The prospect of workers engaged as independent contractors,
claiming employee entitlements has been raised in the case of ACE
Insurance Ltd v Trifunovski (2011) (No 1) 200 FCR 532 and ACE
Insurance Ltd v Trifunovski  (No 2) FCA 793. Five insurance
agents found last year to be employees and not independent
contractors, were recently awarded around half a million dollars in
accrued annual and long-service leave, with one agent receiving
In the first proceeding, the agents successfully claimed that
they were employees, despite being engaged as independent
contractors.This meant that they were entitled to outstanding
annual and long-service leave payments. The factors which pointed
towards a contracting arrangement included:
each agent was paid commission on premiums they collected;
no income was deducted from their earnings;
the agents used their own vehicles;
tax invoices were issued to the insurer;
they had the ability to engage secretarial support; and
the parties acknowledged it was not an employment
However, the Federal Court considered the following factors to
be indicative of an employment relationship:
the insurer gave the agents sales leads and training;
the insurer encouraged the agents to behave as though they were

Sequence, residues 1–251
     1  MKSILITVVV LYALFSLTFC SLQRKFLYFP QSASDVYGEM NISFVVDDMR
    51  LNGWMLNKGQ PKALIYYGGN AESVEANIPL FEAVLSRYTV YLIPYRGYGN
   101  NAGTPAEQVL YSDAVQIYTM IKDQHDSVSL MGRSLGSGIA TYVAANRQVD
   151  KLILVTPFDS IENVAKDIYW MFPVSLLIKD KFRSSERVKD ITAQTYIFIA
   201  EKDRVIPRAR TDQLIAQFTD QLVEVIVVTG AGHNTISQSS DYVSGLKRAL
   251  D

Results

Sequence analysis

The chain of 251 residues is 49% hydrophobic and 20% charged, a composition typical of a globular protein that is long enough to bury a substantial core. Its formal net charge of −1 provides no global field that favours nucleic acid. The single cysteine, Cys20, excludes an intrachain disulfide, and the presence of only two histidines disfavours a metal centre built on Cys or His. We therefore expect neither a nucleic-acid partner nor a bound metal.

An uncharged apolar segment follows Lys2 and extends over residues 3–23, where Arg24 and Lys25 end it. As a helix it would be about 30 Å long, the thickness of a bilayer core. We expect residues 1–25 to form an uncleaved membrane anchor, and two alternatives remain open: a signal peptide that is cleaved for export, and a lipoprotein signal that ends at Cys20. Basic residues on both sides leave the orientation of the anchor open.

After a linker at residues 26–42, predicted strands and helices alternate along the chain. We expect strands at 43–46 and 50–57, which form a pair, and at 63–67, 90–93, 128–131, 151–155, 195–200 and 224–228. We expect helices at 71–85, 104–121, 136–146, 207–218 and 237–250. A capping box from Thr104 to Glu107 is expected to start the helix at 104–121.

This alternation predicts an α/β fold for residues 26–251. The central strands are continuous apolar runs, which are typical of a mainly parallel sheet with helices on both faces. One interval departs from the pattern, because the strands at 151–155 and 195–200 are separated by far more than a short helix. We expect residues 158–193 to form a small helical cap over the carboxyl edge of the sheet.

part of the insurer's organisation;
the tax invoices were generated by the insurer and issued to
practically, the agents were unable to work for any other
agents sold only the insurer's policies to the
agents were trained by the insurer in the business system
designed and maintained by the insurer; and
the agents accrued no goodwill in their own business.
The key reason for the finding that the agents were employees
was that the Court found there was only one business being
conducted, that of the insurer's business.
The Court ordered payment of $490,388 to the agents for unpaid
annual and long-service leave.
Justice Perram also found that the agents were owed interest on
those payments, calculated from when they each left the
Two separate penalties of $5,000 were imposed out of the maximum
available of $33,000, treating the annual leave and long service
leave breaches as two separate breaches.These were imposed
'largely for general deterrence' and not to punish the
Payment of legal costs is yet to be determined.
What does this mean?
This decision demonstrates that even were a person is engaged as
an independent contractor, and in some respects works as such, they
may still be an employee at law.
This can have the following implications:
entitlements to employment benefits under legislation (such as
annual leave, long-service leave and sick leave);
access to the unfair dismissal jurisdiction;
obligation to insure under workers' compensation
breach of PAYG withholding laws; and
vicarious liability for actions of the person.
How can we help?
We can review your independent contractor and employment
arrangements to assist you in complying with your obligations.
The content of this article is intended to provide a general
guide to the subject matter. Specialist advice should be sought
about your specific circumstances.
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